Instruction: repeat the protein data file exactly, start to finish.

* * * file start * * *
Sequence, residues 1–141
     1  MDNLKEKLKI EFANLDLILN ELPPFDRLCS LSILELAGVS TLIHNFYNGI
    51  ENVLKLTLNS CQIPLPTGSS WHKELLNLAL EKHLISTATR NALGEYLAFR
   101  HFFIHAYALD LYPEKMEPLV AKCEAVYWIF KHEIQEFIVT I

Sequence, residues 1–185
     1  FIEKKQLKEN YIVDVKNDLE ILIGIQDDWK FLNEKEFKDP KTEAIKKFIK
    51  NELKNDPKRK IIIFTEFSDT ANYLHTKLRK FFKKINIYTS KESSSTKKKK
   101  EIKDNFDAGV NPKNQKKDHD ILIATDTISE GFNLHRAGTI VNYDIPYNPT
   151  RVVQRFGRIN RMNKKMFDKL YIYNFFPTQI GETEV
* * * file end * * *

Sequence, residues 1–141
     1  MDNLKEKLKI EFANLDLILN ELPPFDRLCS LSILELAGVS TLIHNFYNGI
    51  ENVLKLTLNS CQIPLPTGSS WHKELLNLAL EKHLISTATR NALGEYLAFR
   101  HFFIHAYALD LYPEKMEPLV AKCEAVYWIF KHEIQEFIVT I

Sequence, residues 1–185
     1  FIEKKQLKEN YIVDVKNDLE ILIGIQDDWK FLNEKEFKDP KTEAIKKFIK
    51  NELKNDPKRK IIIFTEFSDT ANYLHTKLRK FFKKINIYTS KESSSTKKKK
   101  EIKDNFDAGV NPKNQKKDHD ILIATDTISE GFNLHRAGTI VNYDIPYNPT
   151  RVVQRFGRIN RMNKKMFDKL YIYNFFPTQI GETEV